Here, Buddy and Belinda don’t really have a relationship outside of their independent contractor agreement, the amount of the contract means that it would fall within small claims jurisdiction and would not require them to get lawyers, and they just decided that having a set course of action of going directly to small claims court in case of a major issue is preferable for both of them.
Note that they have also specifically stated that all disputes should be resolved in their local jurisdiction, which is in Winnemac County, Winnemac. This is an easy call since both Buddy and Belinda are based in Winnemac County. But specifying your home venue is very important! You, as a sanctuary, will definitely want to specify your local jurisdiction. Imagine if you hired an out-of-state independent contractor, and got into a dispute with them that involved them filing a claim in an out-of-state court! That could be a major headache. While specifying your venue is not a guarantee that any disputes will be resolved in your local jurisdiction, it certainly helps!
Section 19: Confidentiality
This section can also be seen as “boilerplate,” but it is really important. It has to do with any and all information that is confidential to your sanctuary. In our template, it is drafted generally and broadly in the attempt to cover any kind of situation where “confidential information” might come up. Examples of confidential information might include: delicate information about certain residents’ origins, health information around certain residents, relationships with donors, including those who may wish to be anonymous, donation amounts, relationships with other vendors and contractors, or information about pricing or discounts.
Note that we provide an option where your sanctuary can list any other information that you might be particularly concerned about keeping confidential.
20: Work Product and Associated Proprietary Information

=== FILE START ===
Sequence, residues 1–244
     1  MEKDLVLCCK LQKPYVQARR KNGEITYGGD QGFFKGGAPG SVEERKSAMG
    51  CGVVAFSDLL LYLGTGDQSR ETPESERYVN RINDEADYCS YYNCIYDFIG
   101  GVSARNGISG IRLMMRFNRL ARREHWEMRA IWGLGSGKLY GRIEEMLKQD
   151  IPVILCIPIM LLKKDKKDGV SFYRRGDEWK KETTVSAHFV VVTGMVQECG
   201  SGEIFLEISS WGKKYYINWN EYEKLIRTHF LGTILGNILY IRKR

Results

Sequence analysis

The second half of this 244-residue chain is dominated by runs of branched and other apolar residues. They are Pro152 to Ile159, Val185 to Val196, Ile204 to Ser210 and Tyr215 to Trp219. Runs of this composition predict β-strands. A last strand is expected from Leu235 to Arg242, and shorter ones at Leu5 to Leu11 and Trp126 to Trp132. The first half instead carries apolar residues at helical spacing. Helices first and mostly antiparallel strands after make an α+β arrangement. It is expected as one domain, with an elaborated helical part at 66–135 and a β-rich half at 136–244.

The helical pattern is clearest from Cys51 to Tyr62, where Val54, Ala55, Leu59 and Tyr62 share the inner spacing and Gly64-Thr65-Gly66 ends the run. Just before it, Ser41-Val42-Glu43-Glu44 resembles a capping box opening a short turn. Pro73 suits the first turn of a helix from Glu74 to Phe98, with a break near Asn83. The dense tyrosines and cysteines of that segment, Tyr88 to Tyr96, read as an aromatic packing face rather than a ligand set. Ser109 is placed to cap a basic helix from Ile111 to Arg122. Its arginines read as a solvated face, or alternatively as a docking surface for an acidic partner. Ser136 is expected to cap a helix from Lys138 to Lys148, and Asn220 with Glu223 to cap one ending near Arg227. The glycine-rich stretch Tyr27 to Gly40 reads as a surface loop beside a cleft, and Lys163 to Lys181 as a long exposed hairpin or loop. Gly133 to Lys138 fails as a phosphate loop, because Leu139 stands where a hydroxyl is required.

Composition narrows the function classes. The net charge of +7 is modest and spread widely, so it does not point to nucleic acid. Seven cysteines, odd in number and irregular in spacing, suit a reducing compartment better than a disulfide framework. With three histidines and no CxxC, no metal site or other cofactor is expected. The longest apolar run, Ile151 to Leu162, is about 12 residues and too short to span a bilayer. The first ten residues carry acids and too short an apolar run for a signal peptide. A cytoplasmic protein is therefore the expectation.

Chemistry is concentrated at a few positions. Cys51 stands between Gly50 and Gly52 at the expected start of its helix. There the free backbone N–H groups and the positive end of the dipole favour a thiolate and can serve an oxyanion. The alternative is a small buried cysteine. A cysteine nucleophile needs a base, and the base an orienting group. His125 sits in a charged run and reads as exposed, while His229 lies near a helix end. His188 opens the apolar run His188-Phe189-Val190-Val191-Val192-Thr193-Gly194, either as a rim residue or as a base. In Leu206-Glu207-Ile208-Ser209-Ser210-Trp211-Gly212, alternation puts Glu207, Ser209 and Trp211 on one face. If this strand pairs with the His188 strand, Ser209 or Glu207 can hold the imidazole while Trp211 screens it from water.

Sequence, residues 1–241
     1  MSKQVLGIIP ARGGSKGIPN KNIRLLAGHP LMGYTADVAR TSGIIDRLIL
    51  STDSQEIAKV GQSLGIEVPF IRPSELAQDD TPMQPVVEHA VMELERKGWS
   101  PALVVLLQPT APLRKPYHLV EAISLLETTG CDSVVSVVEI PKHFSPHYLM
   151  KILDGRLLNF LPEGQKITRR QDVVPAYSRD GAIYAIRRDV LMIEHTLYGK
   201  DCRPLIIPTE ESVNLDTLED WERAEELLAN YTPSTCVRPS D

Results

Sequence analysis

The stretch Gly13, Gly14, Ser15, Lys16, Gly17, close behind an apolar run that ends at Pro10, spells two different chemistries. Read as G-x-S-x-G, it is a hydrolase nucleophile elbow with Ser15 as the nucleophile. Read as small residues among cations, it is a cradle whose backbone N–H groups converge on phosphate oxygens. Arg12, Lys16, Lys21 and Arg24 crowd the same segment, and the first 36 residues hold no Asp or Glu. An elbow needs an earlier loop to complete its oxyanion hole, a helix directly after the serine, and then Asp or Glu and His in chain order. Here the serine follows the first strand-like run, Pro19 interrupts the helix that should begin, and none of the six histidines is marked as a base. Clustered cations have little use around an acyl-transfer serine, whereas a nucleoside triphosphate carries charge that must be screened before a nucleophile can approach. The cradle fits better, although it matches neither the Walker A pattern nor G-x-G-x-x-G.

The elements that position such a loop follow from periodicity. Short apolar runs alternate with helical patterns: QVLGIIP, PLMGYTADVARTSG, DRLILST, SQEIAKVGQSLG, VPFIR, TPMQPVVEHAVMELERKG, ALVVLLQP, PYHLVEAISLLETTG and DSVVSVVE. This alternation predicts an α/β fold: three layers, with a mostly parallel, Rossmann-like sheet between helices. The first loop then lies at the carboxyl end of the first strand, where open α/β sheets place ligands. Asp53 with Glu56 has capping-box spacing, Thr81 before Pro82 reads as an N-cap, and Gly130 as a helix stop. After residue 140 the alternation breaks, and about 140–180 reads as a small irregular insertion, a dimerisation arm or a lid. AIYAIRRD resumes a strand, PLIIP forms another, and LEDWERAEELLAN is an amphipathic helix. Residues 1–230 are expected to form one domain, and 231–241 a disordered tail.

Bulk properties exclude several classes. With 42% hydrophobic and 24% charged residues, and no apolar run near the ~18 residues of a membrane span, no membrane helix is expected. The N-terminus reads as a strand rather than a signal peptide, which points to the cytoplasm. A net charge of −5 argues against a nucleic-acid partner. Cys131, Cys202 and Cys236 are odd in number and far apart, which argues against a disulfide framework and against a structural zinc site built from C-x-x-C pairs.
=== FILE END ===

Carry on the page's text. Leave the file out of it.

This section deals with the “ownership” of the work product that comes out of your collaboration with your independent contractor. It provides that the product of all work that comes out of your agreement will be the property of your sanctuary. To explain what this means, it may be worthwhile to check in again with Gertie and Buddy.
Go Go Goats and “Work Product”
In the case of Gertie’s agreement with Sally Social, “work product” as contemplated by this provision would mean all photos and narratives taken by Sally during her initial visit, as well as all posts that she makes under the agreement. It also includes any photos that Gertie may take of Sally as she meets and photographs the residents of Go Go Goats. Finally, it entitles Gertie to mention and name Sally in any posts around their work together.
Turkey Love and “Work Product”
When it comes to Buddy’s new turkey enclosure, what this provision means is that all designs that Belinda makes of this enclosure will belong to Buddy, as well as the enclosure itself of course. If Belinda takes pictures of her work in progress, those also can be used by Buddy, as well as any photographs that he might take of her doing her work.
Section 21: No Partnership
While this is also a “boilerplate” provision in an independent contractor agreement, its short length belies its importance. “Partnership” is a legal agreement that has a special meaning. Specifically, it is a legal agreement between two parties to embark on a for-profit business venture that involves the splitting of profits and losses. A partnership agreement can be made either explicitly (as in through a written contract) or implicitly (as in through a handshake agreement or understanding). Therefore it is always important to disclaim forming this kind of relationship explicitly when your sanctuary is coming to a written agreement with any other party.
Section 22: Assignment and Delegation
Assignment and delegation have different meanings in contract law, but both essentially relate to the parties to a contract being able to “pass on” their rights and/or obligations under their agreement to other, third parties. This can become complex quickly. For example, what if your contractor decides to delegate their obligation to fulfill a certain expectation to another party who is not one of their employees, who might not be privy to or bound by all of the background or details of your agreement?
If you or your contractor anticipate a situation where you might want to assign or delegate duties under your agreement, you should definitely speak to your counsel to make sure that you tailor this provision in a way that provides specifically for the rights and/or obligations you DO want to assign or delegate, and not inadvertently create a situation where other unanticipated rights or obligations can be assigned or delegated. In our Template, to keep things simple, we simply provide that neither party has the right to assign or delegate rights duties.
Section 23: Applicable Law